Though it’s a popular airline, Norwegian Air may run into some issues flying to its United States destinations if a bill introduced earlier this month is passed limiting so-called “flag of convenience” carriers from entering the country.
With rapid expansion, Norwegian Air has been aggressively targeting the United States as a new long-haul business destination. The carrier currently flies to 15 destinations throughout the country, including Seattle, New York City, Boston, and Chicago.
But things may soon be changing for the low-cost airline due to a bill recently introduced by the House Transportation and Infrastructure Committee, called the FAA Reauthorization Act of 2018. The bipartisan effort is designed to run for five years, increase aviation infrastructure investment, introduce industry reforms, and fund the Federal Aviation Authority.
One of those reforms could spell trouble for Norwegian. Section 530 (C) of the bill prevents “entry into United States markets by flag of convenience carriers.” The bill further defines those carriers as “a foreign air carrier that is established in a country other than the home country of its majority owner or owners in order to avoid regulations of the home country.”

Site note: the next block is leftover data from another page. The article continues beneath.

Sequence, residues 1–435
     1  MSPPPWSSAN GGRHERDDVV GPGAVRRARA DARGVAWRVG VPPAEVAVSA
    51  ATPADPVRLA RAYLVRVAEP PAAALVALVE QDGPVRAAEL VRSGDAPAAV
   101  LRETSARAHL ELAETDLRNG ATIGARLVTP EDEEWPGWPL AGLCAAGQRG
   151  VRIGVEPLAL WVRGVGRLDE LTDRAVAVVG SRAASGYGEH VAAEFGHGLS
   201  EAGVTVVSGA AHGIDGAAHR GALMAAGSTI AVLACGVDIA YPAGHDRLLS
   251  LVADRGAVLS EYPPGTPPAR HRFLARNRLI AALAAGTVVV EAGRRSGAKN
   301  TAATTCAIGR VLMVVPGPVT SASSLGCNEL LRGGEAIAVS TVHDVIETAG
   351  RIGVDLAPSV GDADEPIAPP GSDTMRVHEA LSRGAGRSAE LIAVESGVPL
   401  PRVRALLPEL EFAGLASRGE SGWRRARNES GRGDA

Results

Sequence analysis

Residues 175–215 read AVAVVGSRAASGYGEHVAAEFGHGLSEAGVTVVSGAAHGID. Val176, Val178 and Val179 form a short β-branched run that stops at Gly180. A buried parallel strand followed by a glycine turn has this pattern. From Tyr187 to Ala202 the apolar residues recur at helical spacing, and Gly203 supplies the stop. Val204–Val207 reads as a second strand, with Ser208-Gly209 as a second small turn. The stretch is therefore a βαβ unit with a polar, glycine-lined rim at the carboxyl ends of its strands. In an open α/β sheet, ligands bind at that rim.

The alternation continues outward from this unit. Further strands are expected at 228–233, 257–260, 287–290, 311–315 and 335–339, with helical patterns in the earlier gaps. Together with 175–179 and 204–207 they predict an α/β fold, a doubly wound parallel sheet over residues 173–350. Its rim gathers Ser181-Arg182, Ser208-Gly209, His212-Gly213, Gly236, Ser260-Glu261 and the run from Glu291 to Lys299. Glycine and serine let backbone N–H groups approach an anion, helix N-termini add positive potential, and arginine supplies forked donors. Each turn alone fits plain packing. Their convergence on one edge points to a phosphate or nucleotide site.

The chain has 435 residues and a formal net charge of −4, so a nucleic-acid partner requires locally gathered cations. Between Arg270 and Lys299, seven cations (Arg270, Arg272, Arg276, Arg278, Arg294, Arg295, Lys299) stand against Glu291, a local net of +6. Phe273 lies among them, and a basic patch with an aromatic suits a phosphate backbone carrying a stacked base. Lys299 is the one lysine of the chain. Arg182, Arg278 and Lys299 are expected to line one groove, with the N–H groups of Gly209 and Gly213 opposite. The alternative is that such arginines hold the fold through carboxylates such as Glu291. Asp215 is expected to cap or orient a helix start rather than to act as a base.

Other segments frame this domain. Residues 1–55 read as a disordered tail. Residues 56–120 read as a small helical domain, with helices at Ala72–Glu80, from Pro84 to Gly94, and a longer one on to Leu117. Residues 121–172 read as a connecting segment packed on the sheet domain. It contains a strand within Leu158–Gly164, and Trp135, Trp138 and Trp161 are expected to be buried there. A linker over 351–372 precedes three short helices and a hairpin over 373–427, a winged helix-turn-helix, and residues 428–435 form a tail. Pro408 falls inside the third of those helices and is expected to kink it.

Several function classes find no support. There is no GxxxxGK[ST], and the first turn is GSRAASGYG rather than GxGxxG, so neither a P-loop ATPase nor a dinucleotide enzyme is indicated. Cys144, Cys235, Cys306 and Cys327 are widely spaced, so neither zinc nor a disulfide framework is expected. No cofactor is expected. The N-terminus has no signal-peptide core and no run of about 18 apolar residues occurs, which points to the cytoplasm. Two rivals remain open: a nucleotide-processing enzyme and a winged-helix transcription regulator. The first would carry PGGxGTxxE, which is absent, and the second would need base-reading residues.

That could be an issue for Norwegian, which has multiple companies registered in multiple countries: Norwegian Air Shuttle ASA (NAS) based in Fornebu, Norway; Norwegian Air International Ltd. (NAI) based in Dublin; and Norwegian UK (NUK) based in London. Critics of the airline say by having multiple companies in different locations, the airline is attempting to avoid Scandinavian regulations.
“The [Reauthorization Act] makes clear under the European Union-U.S. Open Skies agreement that labor standards shouldn’t be upended by foreign airlines, and bars the Department of Transportation from issuing an air carrier permit or an exemption from the rules to any EU provider,” Teamsters Airline Division Director Capt. David Bourne told Paddle Your Own Kanoo. “The Teamsters implore Congress to pass this provision so the rights of U.S. airline workers are protected.”